Severe Lung Disease Could Be Linked to Vaping, CDC Says

World Health Organisation Calls For Regulation Of Ecigarettes

World Health Organisation Calls For Regulation Of Ecigarettes

The U.S. Centers for Disease Control and Prevention said Wednesday that they were aware of a "cluster" of 153 cases of severe lung disease across 16 states that could be linked to e-cigarette use or vaping.

The multi-state investigation includes cases reported between June 28 and Aug. 20 in states from California, Connecticut, Florida, Illinois, Indiana, Iowa, Minnesota, Michigan, North Carolina, New Jersey, New Mexico, New York, Pennsylvania, Texas, Utah and Wisconsin. The cases have mostly involved teenagers and young adults. Officials say they have not identified a cause for the pulmonary illnesses, however, all "reported cases have e-cigarette produce use or 'vaping'" the agency said. The agency does not believe it is an infectious disease that's causing the illnesses.

Symptoms start gradually, the agency said, with people reporting difficulty breathing, shortness of breath, and/or chest pain before hospitalization. The illnessses typically present as a bad respiratory infection, but doesn't get better with normal antibiotic treatment. Other patients have also reported some mild to moderate gastrointestinal illnesses, including vomiting and diarrhea. There are no known deaths at this time, the agency said. Some patients have developed severe, progressive lung disease with some even requiring mechanical breathing assistance.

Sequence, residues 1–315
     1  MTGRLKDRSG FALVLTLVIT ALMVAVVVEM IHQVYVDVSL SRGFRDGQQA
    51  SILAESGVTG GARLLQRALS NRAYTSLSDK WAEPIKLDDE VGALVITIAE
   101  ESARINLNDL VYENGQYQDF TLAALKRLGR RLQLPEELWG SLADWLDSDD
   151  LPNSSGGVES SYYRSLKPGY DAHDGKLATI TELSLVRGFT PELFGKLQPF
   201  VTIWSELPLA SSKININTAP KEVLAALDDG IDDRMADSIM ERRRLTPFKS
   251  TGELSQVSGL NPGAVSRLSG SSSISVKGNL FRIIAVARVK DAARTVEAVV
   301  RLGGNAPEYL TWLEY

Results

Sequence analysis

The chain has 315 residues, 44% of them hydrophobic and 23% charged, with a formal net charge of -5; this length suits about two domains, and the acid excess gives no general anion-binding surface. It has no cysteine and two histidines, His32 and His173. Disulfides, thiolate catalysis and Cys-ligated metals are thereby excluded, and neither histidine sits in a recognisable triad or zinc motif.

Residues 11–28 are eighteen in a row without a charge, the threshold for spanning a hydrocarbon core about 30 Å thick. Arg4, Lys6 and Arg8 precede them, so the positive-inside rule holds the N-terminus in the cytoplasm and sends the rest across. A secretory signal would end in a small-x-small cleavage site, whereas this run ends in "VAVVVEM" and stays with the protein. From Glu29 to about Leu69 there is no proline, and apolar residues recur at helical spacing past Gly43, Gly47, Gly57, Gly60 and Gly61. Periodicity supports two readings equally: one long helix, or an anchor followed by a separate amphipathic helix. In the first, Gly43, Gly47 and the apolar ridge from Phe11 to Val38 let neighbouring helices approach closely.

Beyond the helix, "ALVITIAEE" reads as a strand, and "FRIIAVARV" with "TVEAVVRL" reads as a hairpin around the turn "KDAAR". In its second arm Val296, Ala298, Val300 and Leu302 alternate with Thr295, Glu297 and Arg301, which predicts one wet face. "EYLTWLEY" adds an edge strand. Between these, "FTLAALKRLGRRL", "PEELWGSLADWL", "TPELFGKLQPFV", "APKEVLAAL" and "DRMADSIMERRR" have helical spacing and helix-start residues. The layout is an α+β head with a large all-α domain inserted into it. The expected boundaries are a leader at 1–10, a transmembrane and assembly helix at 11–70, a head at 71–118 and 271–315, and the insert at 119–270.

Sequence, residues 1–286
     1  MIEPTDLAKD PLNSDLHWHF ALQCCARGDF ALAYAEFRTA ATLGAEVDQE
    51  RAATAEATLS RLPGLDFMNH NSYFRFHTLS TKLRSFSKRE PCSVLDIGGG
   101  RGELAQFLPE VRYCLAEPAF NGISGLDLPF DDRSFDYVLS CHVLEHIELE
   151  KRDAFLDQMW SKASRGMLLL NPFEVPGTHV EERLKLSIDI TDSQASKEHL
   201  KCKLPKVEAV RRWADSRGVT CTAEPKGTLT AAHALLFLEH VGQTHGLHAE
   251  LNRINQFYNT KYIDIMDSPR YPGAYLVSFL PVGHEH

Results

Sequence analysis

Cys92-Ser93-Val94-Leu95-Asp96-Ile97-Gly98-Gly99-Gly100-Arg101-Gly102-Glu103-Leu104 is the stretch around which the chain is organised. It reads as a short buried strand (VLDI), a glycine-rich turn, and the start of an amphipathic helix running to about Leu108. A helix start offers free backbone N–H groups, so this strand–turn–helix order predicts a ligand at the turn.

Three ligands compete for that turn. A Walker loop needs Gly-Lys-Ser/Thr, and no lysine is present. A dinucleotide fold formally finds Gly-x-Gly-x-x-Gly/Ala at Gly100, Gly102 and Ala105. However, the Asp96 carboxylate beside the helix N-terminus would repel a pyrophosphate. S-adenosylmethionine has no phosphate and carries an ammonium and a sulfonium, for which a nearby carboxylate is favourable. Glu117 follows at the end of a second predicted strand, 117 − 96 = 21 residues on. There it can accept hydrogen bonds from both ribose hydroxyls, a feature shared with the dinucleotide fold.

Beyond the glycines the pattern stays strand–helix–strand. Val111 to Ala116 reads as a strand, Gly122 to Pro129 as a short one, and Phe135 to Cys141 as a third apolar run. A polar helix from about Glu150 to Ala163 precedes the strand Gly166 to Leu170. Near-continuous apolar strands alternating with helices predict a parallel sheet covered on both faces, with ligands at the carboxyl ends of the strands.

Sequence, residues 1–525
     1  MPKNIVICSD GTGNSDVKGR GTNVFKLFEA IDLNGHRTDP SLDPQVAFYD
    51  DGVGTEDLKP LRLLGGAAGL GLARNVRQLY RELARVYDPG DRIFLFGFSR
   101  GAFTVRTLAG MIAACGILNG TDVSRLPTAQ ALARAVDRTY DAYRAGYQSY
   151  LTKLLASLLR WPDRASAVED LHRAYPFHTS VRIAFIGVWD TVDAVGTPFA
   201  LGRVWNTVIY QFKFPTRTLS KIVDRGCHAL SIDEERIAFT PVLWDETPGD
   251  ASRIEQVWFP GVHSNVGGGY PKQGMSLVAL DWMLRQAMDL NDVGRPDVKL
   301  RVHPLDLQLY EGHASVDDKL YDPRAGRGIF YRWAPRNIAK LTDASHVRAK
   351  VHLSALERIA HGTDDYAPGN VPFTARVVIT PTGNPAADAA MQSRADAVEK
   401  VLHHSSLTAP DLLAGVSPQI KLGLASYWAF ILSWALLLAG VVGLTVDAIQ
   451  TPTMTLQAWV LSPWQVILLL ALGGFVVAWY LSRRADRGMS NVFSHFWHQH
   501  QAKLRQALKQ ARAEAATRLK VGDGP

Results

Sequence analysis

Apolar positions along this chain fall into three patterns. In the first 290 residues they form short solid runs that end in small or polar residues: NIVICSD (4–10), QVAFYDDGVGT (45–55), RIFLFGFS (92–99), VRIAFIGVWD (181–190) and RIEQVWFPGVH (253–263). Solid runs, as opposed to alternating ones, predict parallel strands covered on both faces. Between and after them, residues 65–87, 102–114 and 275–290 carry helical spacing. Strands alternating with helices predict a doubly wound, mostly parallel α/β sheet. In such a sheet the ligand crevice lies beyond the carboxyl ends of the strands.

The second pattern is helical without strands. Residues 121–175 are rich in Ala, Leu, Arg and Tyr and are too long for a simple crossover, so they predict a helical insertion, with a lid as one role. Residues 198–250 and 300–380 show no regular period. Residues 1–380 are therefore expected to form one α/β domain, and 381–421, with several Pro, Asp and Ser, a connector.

"While some cases in each of the states are similar and appear to be linked to e-cigarette product use, more information is needed to determine what is causing the illnesses," the CDC said.

In California, public health officials say 21 people have been treated for acute respiratory distress syndrome after vaping unlicensed cannabis or CBD oil. The cases could be linked to the CDC investigation. However, health officials say all the victims in California had all vaped cannabis products purchased from so-called "pop-up" dealers who often sell their wares illegally using phony licenses.

The CDC first announced they were investigating a cluster of 94 possible cases of pulmonary illness in 14 states on Saturday. The CDC says the investigation is on-going and updates will be provided when officials know more. It's unclear whether contaminated e-liquid, the device itself, or how people purchased the vaping materials are the reason for the new cases.

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